After I came back from India the first time--this would be in the early seventies--a teacher that I knew of in India and hadn’t actually met--by the name of Lama Karma Thinley--I knew had come to Canada and lived outside Toronto. So, I called him up and asked if I could go and see him. And my younger brother and my wife and I went to see him. We ended up camping in the fields somewhere in the middle of southern Ontario, near the house where he was staying. And went to see him. And Lama Karma Thinley is quite a character, and he’s still in Toronto. And you can never tell what he's going to do or what he's going to say.
So, we came into his room, and we chatted for a while, and he noticed that my younger brother was looking very intently at a thangka, which Lama Karma Thinley was in the process of painting, and it was only half-finished. And it was a depiction of Buddha. And he looked at my younger brother and said, “You interested in that?” His English was very minimal; I did most of the translating at this stage. And my younger brother said, “I’ve never seen anything like that.” And it was an iconic, graphic depiction of Buddha with a gold body and the long earlobes and the topknot--you know, what we see in Buddha images and depictions. And my younger brother said, “Yeah, I’ve never seen anything like that.” And Lama Karma Thinley said, “You want to know what it means?” And my younger brother said, “Yes.” He said, “Come back tomorrow.”
So he came back. And for the next four hours, Lama Karma Thinley went through all of the 32 major and 80 minor marks of physical perfection which comprises the nirmanakaya of the Buddha, which is the spiral of hair at this point, the growth at the top of his head, the long earlobes, and the shape of the lips, and the length of his arms, light web between the fingers, all of these things. There's a list of them in the back here, explaining what they all were. And these are on page 454. You see the 32 major and 80 minor marks there, and what particular karma they developed from, and what their significance was. And just hours and hours of this stuff.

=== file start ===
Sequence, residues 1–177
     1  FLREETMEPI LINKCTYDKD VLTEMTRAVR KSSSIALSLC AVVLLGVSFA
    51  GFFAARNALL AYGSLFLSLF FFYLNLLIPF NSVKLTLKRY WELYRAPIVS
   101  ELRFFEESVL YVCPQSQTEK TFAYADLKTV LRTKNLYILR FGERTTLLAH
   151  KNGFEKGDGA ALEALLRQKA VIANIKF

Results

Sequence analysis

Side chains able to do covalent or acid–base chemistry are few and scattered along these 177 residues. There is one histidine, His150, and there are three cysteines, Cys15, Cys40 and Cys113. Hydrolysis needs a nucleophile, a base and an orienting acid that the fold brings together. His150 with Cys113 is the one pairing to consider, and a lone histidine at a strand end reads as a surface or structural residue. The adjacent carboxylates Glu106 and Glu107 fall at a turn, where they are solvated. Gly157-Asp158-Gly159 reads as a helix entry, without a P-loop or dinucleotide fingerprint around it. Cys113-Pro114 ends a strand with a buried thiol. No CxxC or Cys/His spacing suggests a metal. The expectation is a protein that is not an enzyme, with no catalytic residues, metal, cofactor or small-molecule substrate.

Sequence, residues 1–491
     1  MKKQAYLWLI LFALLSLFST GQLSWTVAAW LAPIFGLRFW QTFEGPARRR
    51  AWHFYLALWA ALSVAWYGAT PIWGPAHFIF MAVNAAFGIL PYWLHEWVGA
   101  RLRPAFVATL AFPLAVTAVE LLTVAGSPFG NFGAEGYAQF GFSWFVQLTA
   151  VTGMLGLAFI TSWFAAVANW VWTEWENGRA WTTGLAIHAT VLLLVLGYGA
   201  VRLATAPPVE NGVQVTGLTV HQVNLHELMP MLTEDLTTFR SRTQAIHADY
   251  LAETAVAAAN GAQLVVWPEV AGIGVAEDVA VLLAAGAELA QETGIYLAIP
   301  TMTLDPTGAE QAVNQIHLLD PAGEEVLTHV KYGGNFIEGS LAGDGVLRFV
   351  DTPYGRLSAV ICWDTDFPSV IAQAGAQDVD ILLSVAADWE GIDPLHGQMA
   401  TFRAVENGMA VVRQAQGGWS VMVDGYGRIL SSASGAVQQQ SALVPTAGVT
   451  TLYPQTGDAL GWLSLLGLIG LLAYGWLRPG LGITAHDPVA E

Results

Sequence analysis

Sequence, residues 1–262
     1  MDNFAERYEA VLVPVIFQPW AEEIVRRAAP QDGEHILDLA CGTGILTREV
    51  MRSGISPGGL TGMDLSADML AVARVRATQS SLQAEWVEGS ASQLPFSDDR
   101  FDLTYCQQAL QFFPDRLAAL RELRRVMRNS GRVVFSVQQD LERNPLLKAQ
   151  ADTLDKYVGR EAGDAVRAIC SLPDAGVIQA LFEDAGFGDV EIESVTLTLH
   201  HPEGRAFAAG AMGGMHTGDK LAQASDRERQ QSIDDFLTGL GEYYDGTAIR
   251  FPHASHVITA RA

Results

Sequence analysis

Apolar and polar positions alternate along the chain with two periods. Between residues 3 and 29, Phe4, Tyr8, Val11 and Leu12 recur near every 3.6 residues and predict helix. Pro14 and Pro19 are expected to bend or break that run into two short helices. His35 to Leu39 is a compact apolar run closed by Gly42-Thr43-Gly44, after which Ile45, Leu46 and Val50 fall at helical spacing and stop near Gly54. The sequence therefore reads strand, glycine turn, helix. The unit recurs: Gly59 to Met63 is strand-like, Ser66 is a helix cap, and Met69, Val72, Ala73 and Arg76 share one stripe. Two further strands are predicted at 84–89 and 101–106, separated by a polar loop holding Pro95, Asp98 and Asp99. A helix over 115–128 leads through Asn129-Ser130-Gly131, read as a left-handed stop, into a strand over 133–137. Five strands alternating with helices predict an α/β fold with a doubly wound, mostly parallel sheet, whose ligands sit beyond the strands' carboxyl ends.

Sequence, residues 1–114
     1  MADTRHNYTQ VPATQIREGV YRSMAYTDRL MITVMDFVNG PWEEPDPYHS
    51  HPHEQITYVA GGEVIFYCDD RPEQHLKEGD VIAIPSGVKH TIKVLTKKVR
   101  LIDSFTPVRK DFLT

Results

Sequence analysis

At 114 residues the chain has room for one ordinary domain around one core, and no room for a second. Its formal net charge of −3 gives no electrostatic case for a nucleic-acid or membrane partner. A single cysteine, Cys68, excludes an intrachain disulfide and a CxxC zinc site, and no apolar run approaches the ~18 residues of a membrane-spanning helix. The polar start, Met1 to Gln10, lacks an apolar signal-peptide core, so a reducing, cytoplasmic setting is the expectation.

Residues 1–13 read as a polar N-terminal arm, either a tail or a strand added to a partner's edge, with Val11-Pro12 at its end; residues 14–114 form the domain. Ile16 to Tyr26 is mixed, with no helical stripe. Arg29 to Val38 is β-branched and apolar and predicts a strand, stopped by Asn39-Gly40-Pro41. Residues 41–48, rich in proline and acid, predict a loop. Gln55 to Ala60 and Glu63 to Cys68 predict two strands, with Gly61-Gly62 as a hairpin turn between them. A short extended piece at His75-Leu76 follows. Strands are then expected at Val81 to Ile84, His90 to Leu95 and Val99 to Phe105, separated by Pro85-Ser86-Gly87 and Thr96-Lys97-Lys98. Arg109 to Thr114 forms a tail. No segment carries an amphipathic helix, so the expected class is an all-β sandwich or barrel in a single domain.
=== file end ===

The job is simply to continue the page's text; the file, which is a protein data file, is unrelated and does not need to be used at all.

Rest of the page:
So, this is--and I'm just relating this, because you have this description here of what it means to be a perfect human being, which is what Buddha was regarded--this is the perfection of our human potential. This is not where Buddhism started at all, fifteen hundred years previous to this, where Buddha would just say of himself, what makes you different from other people? “I’m awake.” And that was it. But all of these myths and these symbols grew up around Buddha, and became ways of people expressing their appreciation.